Manager, Trusts and


Sally Drew


Manager, Individual


Isabelle Tawil

Development Officer

Jodie Gilliam

Corporate Relations

and Events


Lucy Pilcher

US Administrator,

American Friends

of the OAE

Severn Taylor

Graduate Intern

Toby Perkins

Board of Directors

Martin Smith


Martin Kelly


Cecelia Bruggemeyer

Stephen Carpenter

Jane Carter

Robert Cory

Sally Jackson

Colin Kitching

Julian Mash

Andrew Roberts

Susannah Simons

Mark Williams

Rosalyn Wilkinson

Development Board

Julian Mash


Sally Jackson

(Player Member)

Christopher Cooke

James Flynn QC

Theresa Lloyd

David Marks

Anthony Simpson

Artistic Direction


Susie Carpenter-Jacobs

Debbie Diamond

Martin Lawrence

Helen Verney


Alison Bury

Kati Debretzeni

Margaret Faultless

Matthew Truscott

Melgaard OAE

Young Conductor

Kevin Griffiths

American Friends


John Brim

Ciara Burnham

Sarah Ketterer

Richard Pzena

Kathy Reiland

Anthony Simpson

Nicholas von Speyr

Advisory Council

Martin Smith


Sir Victor Blank

James Joll

Christopher Jonas

Christopher Lawrence

Jonathan Sumption QC

Sir John Tooley

Orchestra & Staff list

Orchestra of the

Age of Enlightenment

Kings Place, 90 York Way, London, N1 9AG

Tel: 020 7239 9370




Registered Charity No. 295329

Registered Company No. 2040312

Sir Charles


and the




The Philharmonia Chorus sang

under Sir Charles’ baton many

times over some 35 years. It was in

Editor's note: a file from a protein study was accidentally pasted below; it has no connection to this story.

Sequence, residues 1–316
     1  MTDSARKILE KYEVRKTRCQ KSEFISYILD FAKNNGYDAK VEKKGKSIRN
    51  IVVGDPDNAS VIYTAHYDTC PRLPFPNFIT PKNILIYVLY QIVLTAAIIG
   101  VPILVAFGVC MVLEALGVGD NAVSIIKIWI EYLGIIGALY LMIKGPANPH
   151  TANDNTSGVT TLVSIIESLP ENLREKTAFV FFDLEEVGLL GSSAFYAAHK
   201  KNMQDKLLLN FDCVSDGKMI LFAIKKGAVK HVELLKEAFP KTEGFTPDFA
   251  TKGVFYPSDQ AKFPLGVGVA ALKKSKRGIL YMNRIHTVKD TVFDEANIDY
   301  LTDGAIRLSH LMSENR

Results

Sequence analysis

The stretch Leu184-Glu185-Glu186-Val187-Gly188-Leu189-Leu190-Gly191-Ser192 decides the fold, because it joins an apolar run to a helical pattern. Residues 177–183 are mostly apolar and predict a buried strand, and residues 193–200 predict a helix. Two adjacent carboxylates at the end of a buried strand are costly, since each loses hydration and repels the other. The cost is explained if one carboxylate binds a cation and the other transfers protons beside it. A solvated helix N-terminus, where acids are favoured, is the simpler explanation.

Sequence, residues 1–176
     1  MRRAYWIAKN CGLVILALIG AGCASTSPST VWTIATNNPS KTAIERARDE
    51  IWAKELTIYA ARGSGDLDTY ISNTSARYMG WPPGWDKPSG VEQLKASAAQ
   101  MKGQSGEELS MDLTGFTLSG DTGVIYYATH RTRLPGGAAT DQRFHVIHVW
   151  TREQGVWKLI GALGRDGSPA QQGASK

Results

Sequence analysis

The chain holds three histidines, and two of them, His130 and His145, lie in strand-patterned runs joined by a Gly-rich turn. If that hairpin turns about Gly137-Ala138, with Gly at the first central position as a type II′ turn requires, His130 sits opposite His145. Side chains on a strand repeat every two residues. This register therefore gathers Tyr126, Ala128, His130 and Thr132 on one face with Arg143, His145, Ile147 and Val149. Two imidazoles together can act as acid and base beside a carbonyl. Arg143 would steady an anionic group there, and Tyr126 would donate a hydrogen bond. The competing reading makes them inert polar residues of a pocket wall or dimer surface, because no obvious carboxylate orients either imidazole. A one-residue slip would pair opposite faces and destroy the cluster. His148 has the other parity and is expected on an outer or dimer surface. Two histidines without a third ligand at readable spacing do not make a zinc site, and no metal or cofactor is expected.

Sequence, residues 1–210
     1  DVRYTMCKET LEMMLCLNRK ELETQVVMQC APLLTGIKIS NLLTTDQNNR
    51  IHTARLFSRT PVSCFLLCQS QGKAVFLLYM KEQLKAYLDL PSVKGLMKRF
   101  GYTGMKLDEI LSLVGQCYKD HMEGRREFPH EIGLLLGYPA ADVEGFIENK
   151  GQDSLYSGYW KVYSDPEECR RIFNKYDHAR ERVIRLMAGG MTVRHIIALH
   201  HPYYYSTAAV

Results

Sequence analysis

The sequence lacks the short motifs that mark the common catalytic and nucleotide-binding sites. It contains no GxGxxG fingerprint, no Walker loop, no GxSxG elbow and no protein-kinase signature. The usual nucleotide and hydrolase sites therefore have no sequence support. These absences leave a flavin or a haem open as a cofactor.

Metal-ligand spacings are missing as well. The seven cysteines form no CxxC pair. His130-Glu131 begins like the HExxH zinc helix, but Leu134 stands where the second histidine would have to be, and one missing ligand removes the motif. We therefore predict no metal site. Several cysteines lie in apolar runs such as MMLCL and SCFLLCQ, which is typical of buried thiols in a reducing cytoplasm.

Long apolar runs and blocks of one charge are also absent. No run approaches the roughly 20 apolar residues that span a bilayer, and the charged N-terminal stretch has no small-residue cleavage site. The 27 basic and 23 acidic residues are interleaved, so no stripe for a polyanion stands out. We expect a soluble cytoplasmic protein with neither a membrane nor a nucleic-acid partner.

performances of Handel that he

first conducted the Chorus, first in

1975 with Messiah in Orange,

France, and most memorably, in

début performances at the

legendary Teatro alla Scala in

Milan, with Judas Maccabeus.

Many memorable performances

followed, (including the Missa

Solemnis) and singers would look

forward with keen anticipation to

his rehearsals and concerts. In more

recent years there were notable

performances of Beethoven’s 9th

Symphony and Mozart’s Requiem

with the Philharmonia Orchestra,

Photo: Clive Barda

and a memorable semi-staged

performance of Weber’s Der

Freischütz with the Scottish

Chamber Orchestra at the

Edinburgh International Festival.

He was a galvanising presence

on the musical scene, and the

Chorus was immensely proud to

have him as its President. Typically,

he treated it as much more than an

honorary position, for he worked

hard and with considerable success

to promote the interests of the

Chorus at every opportunity. We

shall always be grateful to him.

Richard Harding


Philharmonia Chorus

Sir Charles


and the

Orchestra of the Age

of Enlightenment


Sir Charles Mackerras was one of the